Windows 8 isn't so bad, but the damage has been done

I have used Windows 8 for a couple of weeks now on a desktop PC, and I have to say that I don't know what all the fuss is about. The start menu has been been replaced with a start screen, but once you get past the fact that it now takes up the whole screen, the functionality is pretty much the same: you organise your apps, search for them, and launch them. The charm bar is a little awkward on a multi-monitor setup, but I only use it to shutdown the PC, so it's not a big problem. The selection of Windows 8 apps is uninspiring to say the least, but since so many of these apps are just pretty wrappers around web pages that work fine with a large monitor, keyboard and mouse, I don't really feel like I am missing out on anything.

The real problem for Microsoft is not that Windows 8 is bad at what it does, but that the rise of Apple and Android have dispelled the notion that Microsoft is the PC.

For the majority of people, there was no distinction between the PC and Windows. Macs were in people's peripheral vision, Linux was unheard of, and the concept of not using Windows on a PC was like the idea of not using a steering wheel in a car.

Then came the iPhone, followed by the rise of the tablets. And suddenly everyday people were breaking the link between Microsoft products and "computing". Email no longer means Outlook. Web browsing no longer means IE. Word processing no longer means Word. People now realise that they could use a computer in an enjoyable and productive way without relying on Microsoft applications and operating systems. So much so that it gave rise to the idea of "bring your own device".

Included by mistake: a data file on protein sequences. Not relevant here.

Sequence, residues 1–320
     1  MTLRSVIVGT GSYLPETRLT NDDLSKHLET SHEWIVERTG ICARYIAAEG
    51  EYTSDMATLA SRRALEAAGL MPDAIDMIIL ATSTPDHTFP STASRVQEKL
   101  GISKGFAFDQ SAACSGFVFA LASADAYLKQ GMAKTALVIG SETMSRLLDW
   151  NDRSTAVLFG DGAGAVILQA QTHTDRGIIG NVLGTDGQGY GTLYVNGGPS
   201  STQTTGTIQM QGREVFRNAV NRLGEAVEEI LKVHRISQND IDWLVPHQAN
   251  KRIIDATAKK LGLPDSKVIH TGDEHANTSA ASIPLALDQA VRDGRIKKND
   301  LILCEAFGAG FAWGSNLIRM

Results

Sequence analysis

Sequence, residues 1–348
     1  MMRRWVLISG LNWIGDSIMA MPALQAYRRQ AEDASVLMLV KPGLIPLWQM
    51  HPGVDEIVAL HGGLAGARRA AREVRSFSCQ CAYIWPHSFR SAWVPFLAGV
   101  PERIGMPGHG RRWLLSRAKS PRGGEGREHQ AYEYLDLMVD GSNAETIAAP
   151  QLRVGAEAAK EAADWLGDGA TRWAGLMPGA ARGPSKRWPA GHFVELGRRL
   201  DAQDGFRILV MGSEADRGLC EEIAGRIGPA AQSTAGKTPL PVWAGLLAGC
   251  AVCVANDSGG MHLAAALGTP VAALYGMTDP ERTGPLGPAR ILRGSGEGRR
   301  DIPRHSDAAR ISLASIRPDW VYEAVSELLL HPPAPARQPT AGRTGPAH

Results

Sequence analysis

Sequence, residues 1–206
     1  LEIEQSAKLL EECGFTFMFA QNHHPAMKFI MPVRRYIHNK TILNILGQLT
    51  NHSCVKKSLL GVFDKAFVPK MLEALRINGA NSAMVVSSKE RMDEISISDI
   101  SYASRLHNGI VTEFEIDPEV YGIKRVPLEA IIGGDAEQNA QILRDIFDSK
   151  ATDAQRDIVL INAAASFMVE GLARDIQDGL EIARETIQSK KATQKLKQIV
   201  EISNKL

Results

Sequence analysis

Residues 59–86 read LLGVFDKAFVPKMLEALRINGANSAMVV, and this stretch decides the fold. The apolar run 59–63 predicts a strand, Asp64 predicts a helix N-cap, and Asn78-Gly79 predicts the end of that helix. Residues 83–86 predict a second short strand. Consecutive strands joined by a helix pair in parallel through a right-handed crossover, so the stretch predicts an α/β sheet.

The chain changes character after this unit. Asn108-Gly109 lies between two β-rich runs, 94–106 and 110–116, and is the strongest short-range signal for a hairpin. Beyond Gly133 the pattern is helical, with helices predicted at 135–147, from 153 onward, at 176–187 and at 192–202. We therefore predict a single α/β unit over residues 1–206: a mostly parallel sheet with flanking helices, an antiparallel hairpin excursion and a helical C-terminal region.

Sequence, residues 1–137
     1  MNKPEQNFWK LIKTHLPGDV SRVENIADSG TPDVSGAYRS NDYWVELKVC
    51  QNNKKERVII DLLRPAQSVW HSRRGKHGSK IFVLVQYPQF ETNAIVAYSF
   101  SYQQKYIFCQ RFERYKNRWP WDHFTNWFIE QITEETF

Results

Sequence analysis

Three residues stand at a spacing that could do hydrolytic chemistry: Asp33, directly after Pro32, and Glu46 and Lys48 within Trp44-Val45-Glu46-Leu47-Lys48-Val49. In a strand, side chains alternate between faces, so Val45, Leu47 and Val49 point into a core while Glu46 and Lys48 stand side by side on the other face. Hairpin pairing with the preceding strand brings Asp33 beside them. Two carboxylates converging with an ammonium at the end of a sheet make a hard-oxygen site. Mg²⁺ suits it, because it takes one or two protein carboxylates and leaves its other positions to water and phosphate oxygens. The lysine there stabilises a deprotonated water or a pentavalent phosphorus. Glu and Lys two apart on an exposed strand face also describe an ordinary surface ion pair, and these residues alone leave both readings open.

Microsoft held the mind share of its users to a large degree because people didn't realise there was an alternative, or had no reason to switch even if they were aware that alternatives existed. Apple (with Android riding shotgun) not only made people aware of an alternative, but also made people want to switch.

And with that, the Microsoft spell was broken.

The downside to having a software ecosystem so intricately entwined is that once the dominoes start falling, they don't stop. If you have no need for IE and Office, you have no need for Windows (Windows RT especially). If you have no need for Outlook, you have no need for Windows Server. If you can bring your own device to work, you have no need for a desktop.

I'm not suggesting that Microsoft is going anywhere. But it will have to work hard to reverse the increasing notion that its products are something that you are forced to use, as opposed to the products that you want to use.
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